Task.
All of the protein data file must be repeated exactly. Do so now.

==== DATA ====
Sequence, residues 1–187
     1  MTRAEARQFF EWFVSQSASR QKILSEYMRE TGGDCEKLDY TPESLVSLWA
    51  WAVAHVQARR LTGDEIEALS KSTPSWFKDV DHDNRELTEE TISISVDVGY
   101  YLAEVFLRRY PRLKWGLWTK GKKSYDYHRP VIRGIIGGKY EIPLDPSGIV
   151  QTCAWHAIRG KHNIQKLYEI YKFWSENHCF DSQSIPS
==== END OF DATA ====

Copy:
Sequence, residues 1–187
     1  MTRAEARQFF EWFVSQSASR QKILSEYMRE TGGDCEKLDY TPESLVSLWA
    51  WAVAHVQARR LTGDEIEALS KSTPSWFKDV DHDNRELTEE TISISVDVGY
   101  YLAEVFLRRY PRLKWGLWTK GKKSYDYHRP VIRGIIGGKY EIPLDPSGIV
   151  QTCAWHAIRG KHNIQKLYEI YKFWSENHCF DSQSIPS